At a time when many artists are switching genres like yesterday’s trousers, outright jumping ship or setting up tedious aliases to make different sounds, Dominic Butler and Mark Yardley’s attitude has never been more relevant or refreshing.
Traversing the bass/beats/breaks/garage axis with consummate ease (and serious helpings of badboy funk), honing a sound that is identifiably their own for almost 20 years, the Stanton Warriors have stuck to their guns resolutely and never faltered or defaulted to hype or trend. To use a cliché, they do their own thing…
Cue Rebel Bass: the duo’s second artist album. A sweet, slick and ultimately punchy 10 track affair with vocals from the likes of Eva Lazarus, Laura Steel and Janai, it’s the duo’s most consistent body of work to date. We caught up with Dominic to find out about the album, life on the road and the importance of not playing a pre-recorded set…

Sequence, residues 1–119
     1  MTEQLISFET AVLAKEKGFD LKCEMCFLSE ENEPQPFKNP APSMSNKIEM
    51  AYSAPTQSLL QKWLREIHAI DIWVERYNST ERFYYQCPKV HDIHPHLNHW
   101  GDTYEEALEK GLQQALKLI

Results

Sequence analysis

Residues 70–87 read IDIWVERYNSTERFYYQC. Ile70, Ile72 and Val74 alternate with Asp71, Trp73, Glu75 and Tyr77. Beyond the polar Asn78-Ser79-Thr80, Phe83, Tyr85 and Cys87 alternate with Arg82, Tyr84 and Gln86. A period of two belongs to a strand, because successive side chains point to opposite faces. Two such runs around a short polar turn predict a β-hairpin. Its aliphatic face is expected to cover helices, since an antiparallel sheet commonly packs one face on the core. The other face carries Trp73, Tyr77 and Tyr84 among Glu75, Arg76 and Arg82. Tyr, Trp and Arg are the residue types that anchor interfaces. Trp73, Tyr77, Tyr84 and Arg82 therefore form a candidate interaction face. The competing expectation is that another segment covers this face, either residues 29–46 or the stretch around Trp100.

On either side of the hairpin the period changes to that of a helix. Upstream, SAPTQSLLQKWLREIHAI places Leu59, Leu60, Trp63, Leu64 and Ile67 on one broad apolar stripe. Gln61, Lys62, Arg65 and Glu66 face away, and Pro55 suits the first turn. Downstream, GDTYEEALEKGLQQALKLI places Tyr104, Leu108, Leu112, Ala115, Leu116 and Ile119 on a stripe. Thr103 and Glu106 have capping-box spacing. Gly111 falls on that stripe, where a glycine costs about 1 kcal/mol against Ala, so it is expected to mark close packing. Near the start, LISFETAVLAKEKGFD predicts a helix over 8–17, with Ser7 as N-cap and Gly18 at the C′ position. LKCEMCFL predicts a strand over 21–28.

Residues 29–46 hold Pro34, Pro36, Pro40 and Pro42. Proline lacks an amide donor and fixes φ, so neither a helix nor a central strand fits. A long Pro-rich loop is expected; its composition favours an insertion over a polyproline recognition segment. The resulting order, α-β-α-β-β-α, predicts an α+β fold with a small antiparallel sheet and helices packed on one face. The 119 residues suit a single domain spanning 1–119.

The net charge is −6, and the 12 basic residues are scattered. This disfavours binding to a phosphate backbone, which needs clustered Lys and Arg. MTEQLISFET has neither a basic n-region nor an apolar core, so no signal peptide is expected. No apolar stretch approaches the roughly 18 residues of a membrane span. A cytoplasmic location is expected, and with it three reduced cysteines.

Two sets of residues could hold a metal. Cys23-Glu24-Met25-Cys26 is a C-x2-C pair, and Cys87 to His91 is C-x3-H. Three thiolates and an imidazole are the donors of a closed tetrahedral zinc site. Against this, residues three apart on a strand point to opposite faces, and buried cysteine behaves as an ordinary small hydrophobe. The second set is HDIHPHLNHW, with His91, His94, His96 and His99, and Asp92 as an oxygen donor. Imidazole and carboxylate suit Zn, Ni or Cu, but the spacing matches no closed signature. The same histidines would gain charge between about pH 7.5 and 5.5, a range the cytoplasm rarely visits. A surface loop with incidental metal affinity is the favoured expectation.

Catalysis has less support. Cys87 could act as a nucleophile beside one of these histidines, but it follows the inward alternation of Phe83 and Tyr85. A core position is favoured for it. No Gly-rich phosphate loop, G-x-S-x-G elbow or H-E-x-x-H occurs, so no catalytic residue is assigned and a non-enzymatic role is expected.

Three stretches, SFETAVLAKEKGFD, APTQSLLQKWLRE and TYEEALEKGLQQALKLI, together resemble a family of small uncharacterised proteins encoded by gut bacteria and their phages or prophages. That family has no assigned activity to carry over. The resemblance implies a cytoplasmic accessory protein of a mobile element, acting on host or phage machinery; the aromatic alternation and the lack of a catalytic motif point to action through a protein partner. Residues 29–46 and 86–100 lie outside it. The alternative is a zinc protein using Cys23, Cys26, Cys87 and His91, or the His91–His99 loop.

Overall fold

That’s why we do the acapellas and the FX and generally fuck with shit as much as possible. The key thing is working the decks, getting creative and being a DJ instead of a jukebox. Do it like that and you’ll never get bored or pretend you’re doing something… Because you are actually doing something!
It’s been over four years since your last album The Warriors… Bring us up to speed!
Business as usual really… The global tour schedule is still in place. If anything it’s even busier this year with two US tours and the Far East. Studio-wise we’re constantly working on tracks, edits and remixes. That’s how the whole album came together; a lot of our sessions with singer and producer friends turned into tracks and before we knew it, we had an album on our hand.
All sounds very natural and unforced…